Maybe that was why Joe Gillis had writer's block. He had too much to say. So much so, that he had to narrate his own story from beyond the grave.
I was tempted to say that the famous opening scene shot of William Holden floating on the pool's surface is the film's Best Shot, because I see no reason to include the prologue (and, frankly, Joe's narration) in the film at all other than the fact that it presents practically the whole story of the film in one image. Because the fact is, Sunset Boulevard is perfect, but the story and performances are so engrossing that we really don't need the whole thing to be a flashback. Except that it's too good. The film's story proper opens with Joe evading officials, and from that moment it's clear he's pretty low, but not quite at rock bottom yet. The whole film, he's looking down and slowly sinking into that pool, and he doesn't even know it... except that he does, because he's narrating his own story from beyond the grave.
Narrative semantics aside, I found myself most surprised this go-round on Sunset Boulevard that it's largely about the dangers of hero worship. That makes it incredibly timely given our increasingly obsessed celebrity culture... or maybe that culture hasn't really changed at all, only that it takes less and less to actually be a celebrity. But there's a reason why the film ends with Norma not just creepily walking towards the camera, like a vampiress (seriously, Gloria Swanson is giving some serious Bela Lugosi realness in that final shot) coming for her prey, but with her delivering the last third of her closing monologue straight into the camera, directly to the audience.
She's doing it all for us, you see. It's all our fault. You want to know why Sunset Boulevard didn't win Best Picture and Best Actress in 1950? That right there. It directly implicates the audience in Norma Desmond's downfall. Without a public, those "wonderful people out there in the dark," she wouldn't want to make a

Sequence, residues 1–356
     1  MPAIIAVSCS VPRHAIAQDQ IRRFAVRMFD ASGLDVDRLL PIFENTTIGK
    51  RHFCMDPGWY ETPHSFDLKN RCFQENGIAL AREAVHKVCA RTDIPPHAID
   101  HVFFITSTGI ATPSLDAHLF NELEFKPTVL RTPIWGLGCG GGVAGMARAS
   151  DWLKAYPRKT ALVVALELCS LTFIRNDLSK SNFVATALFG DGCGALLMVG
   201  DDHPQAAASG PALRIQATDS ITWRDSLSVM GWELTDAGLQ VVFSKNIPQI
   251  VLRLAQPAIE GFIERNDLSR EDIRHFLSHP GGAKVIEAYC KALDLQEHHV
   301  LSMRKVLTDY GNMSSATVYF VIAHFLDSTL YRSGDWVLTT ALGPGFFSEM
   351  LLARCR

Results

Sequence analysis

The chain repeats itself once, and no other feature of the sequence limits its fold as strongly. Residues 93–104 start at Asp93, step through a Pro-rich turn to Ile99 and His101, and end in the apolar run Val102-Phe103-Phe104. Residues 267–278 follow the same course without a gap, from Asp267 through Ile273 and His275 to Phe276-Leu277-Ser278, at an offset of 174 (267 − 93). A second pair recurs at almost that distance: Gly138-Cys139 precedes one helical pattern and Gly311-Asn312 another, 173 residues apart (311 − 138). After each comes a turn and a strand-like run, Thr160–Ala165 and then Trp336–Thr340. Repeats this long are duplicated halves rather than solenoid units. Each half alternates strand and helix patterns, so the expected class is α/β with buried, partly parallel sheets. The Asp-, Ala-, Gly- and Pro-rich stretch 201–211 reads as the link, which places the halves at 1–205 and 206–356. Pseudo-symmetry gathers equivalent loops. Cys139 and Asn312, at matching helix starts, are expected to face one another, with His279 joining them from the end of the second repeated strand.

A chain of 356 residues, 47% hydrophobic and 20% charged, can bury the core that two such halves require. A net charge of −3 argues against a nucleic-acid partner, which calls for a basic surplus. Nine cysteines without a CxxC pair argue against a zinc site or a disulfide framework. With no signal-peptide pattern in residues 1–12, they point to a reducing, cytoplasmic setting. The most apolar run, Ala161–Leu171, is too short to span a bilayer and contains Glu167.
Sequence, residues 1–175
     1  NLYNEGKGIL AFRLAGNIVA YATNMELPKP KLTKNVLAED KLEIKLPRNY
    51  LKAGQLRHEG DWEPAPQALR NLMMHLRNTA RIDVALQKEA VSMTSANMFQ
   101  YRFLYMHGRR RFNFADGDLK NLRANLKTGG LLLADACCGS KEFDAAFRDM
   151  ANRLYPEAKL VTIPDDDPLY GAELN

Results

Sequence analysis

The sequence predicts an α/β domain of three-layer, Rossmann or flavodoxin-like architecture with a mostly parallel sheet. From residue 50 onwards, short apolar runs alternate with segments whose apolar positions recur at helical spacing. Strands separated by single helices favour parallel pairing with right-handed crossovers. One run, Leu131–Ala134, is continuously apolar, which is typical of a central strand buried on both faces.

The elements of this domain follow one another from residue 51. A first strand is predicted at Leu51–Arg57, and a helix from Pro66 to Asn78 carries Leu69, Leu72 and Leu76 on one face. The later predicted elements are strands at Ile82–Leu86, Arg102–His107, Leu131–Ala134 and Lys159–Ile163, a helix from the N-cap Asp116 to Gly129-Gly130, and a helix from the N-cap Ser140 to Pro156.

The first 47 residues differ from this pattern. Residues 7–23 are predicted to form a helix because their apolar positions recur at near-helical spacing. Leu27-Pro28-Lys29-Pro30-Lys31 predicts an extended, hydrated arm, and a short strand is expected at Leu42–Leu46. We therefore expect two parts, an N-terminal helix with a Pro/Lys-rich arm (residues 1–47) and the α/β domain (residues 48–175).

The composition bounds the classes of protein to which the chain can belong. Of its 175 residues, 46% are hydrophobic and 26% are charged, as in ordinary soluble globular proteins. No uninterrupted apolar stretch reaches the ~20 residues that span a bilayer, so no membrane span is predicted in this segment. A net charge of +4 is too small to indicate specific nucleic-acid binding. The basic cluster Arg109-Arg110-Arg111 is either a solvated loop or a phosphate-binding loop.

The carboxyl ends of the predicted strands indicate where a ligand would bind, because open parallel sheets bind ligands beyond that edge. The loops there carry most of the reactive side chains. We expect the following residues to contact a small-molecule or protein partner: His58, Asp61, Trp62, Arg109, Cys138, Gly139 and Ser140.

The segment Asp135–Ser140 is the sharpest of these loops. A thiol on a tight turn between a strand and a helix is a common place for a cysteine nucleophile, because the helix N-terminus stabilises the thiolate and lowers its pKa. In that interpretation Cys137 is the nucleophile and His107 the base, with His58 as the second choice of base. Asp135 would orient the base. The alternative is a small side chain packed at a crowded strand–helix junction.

|BEST SHOT RUNNER-UP|
As Norma adjusts herself in the mirror, her reflection is looking straight at the audience. It's almost as if she can see us - that she doesn't spy herself in the mirror so much as the people watching the film, and realizes that she still has the pieces of her beauty regiment on (and actually, earlier in the film she runs right by the mirror without even noticing it). She cannot present herself to her public (or Joe) like this! She she takes them off, adjusts herself, and continues on with the scene.
But enough about all that, because according to Nathaniel we aren't allowed to pick the last shot as the film's Best Shot. And I toyed with making that mirror shot the best, but it will have to settle for runner-up status this time around.
Each time we watch a movie it becomes a little different; different circumstances in our lives cause our sympathies to bounce around between characters, another plotline or detail of set design attracts our attention, etc. This time I had to pause the film during the New Year's Eve party Norma throws for herself and Joe, so when I came back and started the film up again, I was paying closer attention than on previous viewings. And as Joe storms out of the house, this happens.
A little insignificant detail, but Joe's watch chain getting caught in the door, I realized, is a perfectly sly way of setting up the end of the film. He's already too attached to Norma and her gifts. He's tangled up in her life, and there's no getting out now. He won't even get out for long that night, as Norma's suicide attempt brings him running right back. It's reiterating what we know from the prologue - that poor Joe is a dead man - but it's a clever, surprising way of doing so. I don't know whether this happened by accident or not, but either way, it's what makes Billy Wilder one of the greats.
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...AND now that that's done, I'm just going to leave this here, without commentary, just because.